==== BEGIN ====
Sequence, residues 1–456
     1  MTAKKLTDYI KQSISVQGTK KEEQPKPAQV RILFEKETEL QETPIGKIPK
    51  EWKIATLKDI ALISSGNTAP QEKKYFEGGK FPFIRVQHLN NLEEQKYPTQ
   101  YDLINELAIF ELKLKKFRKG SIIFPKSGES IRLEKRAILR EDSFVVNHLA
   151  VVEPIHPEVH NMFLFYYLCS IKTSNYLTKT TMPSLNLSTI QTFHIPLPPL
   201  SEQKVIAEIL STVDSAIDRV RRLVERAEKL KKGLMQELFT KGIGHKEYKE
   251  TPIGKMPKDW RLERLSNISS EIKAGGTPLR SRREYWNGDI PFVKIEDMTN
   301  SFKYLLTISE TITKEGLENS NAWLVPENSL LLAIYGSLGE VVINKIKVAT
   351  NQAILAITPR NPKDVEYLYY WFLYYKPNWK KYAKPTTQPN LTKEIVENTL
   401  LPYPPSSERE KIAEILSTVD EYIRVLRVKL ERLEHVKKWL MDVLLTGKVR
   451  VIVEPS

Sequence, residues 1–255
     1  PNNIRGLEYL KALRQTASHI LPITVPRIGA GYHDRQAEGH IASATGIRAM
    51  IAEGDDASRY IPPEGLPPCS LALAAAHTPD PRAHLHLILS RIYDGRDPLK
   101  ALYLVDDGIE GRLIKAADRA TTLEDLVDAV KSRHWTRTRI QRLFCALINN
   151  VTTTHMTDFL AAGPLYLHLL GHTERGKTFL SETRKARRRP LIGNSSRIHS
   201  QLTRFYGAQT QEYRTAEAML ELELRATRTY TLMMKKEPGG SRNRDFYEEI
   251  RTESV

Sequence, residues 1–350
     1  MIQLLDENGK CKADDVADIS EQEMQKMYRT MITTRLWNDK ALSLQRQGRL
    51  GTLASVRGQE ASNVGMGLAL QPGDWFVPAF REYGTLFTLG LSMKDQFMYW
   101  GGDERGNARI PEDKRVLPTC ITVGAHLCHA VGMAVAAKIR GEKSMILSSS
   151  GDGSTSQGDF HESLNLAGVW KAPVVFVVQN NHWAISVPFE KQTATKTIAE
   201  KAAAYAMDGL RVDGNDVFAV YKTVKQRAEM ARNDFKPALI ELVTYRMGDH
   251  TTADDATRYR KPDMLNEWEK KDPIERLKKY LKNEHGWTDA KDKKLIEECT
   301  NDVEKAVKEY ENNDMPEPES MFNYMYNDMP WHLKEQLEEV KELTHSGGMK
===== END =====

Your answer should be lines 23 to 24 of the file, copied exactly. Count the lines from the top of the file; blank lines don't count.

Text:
   151  GDGSTSQGDF HESLNLAGVW KAPVVFVVQN NHWAISVPFE KQTATKTIAE
   201  KAAAYAMDGL RVDGNDVFAV YKTVKQRAEM ARNDFKPALI ELVTYRMGDH